How do I get over the death of my brother
You can begin the process of getting over your brother's death by thinking of all the ways he made a good impact on your life. [ Source: http://www.chacha.com/question/how-do-i-get-over-the-death-of-my-brother ]
More Answers to "How do I get over the death of my brother"
- How do I get over my brother's death?
- first of all im sorry to hear about the terrible tragedy your going through! death is hard to deal with, just remember all of the good memories you had with your brother and be optimistic about this terrible thing that has happened... your ...
- How can my girlfriend get over her brothers death??
- I'm a funeral director and bereavement counsellor and I work with people like this all the time. It's only been a week since her brother died. Do you really think she should just be over it already? Grieving is a very personal and privat...
- How Can I Do Get Over My Little Brother's Death??
- It was not your fault. Your dad is saying it is because he feels so guilty that he didn't believe you when he had the chance. Your brother was obviously in a bad place emotionally, and using drugs was a decision that he made, and it was a...
Related Questions Answered on Y!Answers
- How can I get over the guilt and remorse I feel about brother n laws death?
- Q: My brother n law just recently died, he was married to my sister for 9+ yrs. I never took time to meet him in person on a visit, but have talked often on the phone and traded photos in the mail, sent cards, etc.. Now that he passed away I feel guilt and remorse fo not taking time to visit, and my sister isreally tore up about his death.what can I do to make these guilt feelings go away. I can't afford a shrink.
- A: Learn from your mistake. Then forgive yourself. Maybe apologize to your sister for not taking a more active interest in her life. We are only here for a short time. One should make the most of it.
- How do I get over my brother's death?
- Q: My big brither died in 2003 in a car accident, and I still can't get over it. I watched my mom cry over and over again, and I can't get the image out of my head. How did some of you get over it?
- A: first of all im sorry to hear about the terrible tragedy your going through! death is hard to deal with, just remember all of the good memories you had with your brother and be optimistic about this terrible thing that has happened... your brother probably hates to see you waste Precious time thinking about the negative things that happened to him, you , and your family. also remember that you have your mom to share thoughts with and memories with.. its ok to cry with each other happy or sad tears.. im coping with a tragic death also and i keep all of these things in my head and heart. stay strong and have faith!! :)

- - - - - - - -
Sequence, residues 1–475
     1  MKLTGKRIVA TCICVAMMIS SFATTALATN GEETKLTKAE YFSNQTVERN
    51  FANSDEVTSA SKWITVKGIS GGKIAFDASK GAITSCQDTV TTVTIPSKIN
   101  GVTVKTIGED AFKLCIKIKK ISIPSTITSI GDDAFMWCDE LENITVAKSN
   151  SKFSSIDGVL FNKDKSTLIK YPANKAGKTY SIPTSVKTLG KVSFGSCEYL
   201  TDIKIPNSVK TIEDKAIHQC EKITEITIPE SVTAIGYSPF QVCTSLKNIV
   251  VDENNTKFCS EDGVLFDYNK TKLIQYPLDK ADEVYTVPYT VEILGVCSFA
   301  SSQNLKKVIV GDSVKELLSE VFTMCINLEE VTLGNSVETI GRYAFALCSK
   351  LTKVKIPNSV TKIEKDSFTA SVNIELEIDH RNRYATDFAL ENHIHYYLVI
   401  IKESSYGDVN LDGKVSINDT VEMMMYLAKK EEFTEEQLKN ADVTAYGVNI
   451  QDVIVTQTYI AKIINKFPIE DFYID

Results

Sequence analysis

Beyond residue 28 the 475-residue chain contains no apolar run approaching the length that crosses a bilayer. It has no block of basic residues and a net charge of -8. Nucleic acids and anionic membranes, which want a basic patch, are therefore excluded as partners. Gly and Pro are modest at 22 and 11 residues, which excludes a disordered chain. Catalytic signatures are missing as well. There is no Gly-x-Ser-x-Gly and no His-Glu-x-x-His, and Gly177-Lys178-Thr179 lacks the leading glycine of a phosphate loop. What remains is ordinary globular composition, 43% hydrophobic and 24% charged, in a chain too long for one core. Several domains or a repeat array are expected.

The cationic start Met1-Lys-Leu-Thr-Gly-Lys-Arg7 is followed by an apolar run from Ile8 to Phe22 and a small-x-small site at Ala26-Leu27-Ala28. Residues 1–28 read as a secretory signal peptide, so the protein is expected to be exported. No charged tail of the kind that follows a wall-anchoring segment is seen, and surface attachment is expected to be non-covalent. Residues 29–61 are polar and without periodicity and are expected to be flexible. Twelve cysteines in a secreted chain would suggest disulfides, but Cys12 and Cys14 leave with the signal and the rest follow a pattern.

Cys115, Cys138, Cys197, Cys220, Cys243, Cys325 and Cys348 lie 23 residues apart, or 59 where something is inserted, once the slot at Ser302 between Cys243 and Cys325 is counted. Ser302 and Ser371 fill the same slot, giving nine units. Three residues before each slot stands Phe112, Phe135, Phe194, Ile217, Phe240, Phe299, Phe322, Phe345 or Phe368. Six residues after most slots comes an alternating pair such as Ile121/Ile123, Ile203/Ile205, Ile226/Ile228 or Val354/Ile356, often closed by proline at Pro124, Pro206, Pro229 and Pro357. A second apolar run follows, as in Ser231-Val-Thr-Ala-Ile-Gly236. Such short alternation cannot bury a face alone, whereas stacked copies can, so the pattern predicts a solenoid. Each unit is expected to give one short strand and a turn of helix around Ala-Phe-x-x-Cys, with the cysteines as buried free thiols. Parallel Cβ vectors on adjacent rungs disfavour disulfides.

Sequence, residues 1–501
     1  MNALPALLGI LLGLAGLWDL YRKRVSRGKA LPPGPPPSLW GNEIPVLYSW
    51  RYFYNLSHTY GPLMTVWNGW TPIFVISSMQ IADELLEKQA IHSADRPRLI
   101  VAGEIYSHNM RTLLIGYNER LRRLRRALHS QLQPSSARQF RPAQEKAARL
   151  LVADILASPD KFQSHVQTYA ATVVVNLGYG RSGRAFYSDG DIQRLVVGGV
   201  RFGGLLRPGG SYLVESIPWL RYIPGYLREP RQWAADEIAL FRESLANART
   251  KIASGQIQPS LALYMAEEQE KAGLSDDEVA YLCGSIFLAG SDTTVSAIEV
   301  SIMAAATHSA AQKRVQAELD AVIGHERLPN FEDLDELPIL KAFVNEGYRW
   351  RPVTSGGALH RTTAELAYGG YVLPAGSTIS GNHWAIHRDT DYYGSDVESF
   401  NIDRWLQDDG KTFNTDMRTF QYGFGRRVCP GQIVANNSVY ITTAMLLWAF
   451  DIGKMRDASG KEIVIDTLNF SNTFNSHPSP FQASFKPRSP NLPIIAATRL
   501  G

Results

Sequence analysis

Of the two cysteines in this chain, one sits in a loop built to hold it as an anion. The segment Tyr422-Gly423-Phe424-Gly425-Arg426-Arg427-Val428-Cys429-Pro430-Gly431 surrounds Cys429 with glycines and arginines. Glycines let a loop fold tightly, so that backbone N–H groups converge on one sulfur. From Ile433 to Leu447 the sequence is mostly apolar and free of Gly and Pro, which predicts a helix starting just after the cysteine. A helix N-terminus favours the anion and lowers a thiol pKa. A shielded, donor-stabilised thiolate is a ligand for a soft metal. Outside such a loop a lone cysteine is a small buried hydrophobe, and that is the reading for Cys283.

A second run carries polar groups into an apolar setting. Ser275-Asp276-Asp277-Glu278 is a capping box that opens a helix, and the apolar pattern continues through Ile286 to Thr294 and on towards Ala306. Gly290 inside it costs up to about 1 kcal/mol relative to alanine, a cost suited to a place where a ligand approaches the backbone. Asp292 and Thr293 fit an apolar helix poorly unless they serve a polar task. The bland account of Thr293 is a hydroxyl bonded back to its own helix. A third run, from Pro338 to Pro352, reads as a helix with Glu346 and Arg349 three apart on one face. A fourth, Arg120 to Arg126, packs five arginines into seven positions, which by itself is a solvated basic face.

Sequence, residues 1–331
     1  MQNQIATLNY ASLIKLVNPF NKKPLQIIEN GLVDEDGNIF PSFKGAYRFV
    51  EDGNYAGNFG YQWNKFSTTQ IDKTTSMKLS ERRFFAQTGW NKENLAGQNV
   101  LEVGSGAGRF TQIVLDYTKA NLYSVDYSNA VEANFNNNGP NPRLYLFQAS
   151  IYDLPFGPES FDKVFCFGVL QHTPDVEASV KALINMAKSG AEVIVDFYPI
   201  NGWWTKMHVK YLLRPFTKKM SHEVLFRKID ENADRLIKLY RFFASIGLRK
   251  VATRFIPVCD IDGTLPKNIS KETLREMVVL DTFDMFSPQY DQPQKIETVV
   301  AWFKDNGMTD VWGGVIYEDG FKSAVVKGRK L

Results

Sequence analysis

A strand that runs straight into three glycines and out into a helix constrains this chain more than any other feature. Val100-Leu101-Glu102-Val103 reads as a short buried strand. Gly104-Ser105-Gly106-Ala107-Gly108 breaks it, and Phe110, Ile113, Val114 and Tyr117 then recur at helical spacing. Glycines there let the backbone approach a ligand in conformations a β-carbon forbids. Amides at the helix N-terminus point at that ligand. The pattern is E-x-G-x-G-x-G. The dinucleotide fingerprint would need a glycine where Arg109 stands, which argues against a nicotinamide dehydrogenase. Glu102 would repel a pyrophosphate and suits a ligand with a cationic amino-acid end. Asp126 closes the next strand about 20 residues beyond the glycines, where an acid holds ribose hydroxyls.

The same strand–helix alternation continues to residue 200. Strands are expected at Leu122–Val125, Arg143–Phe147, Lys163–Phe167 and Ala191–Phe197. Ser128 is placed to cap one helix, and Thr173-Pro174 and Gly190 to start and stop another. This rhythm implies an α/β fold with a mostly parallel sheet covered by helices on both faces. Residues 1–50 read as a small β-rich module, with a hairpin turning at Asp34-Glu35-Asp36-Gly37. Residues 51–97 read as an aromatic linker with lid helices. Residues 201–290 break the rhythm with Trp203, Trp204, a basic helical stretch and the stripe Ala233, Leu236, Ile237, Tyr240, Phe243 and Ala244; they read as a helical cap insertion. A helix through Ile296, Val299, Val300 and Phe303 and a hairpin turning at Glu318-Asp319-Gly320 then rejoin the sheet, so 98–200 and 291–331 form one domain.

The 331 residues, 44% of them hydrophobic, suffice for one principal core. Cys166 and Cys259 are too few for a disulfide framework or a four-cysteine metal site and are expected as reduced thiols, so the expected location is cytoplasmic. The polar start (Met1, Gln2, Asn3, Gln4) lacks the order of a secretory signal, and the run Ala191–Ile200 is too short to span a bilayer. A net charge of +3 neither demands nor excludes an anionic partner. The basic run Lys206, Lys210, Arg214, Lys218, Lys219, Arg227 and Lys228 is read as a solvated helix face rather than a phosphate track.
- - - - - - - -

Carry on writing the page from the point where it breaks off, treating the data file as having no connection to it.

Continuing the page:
- I have a Boston Terrier who is distraught over the recent death of his brother, What will cheer him up?
- Q: Purchased 2 Boston Terriers 9 years ago and they have been together since birth. One passed away the other day and now the brother who is still alive won't even get up, eat, or move for that matter. I am very worried about him and was wondering if someone could give me some advice on how to ease his depression? I was thinking about getting another puppy but didn't know if that would help or make things worse? Please Advise!
- A: This is from http://www.petplace.com/dogs/do-dogs-mourn/page1.aspx:The American Society for the Prevention of Cruelty to Animals conducted a Companion Animal Mourning Project in 1996. The study found that 36 percent of dogs ate less than usual after the death of another canine companion. About 11 percent actually stopped eating completely. About 63 percent of dogs vocalized more than normal or became more quiet. Study respondents indicated that surviving dogs changed the quantity and location of sleep. More than half the surviving pets became more affectionate and clingy with their caregivers. Overall, the study revealed that 66 percent of dogs exhibited four or more behavioral changes after losing a pet companion.If your dog shows signs that she is grieving the loss of an animal or human family member, provide her with more attention and affection. "Try to take her mind off it by engaging her in a favorite activity," says Chretien. If she enjoys human company, invite friends that she likes to visit and spend time with her. Use environmental enrichment techniques such as toys to help keep her busy. Hide toys or treats at her favorite spots for her to find during the day.If your dog is too depressed over the loss, she may not respond to extra activity right away. The old saying, "Time heals all wounds," has meaning for your dog, too. "Time is one thing that may help," says Chretien. Based on the results of the ASPCA study, most dogs returned to normal after about two weeks but some dogs took up to six months to fully recover.If you are thinking about adding another dog, wait until you and your surviving dog have adjusted to the loss. Forcing your dog to get to know a newcomer will only add stress to her already anxiety-ridden emotional state. And be patient. Your dog may miss her canine companion as much as you do.
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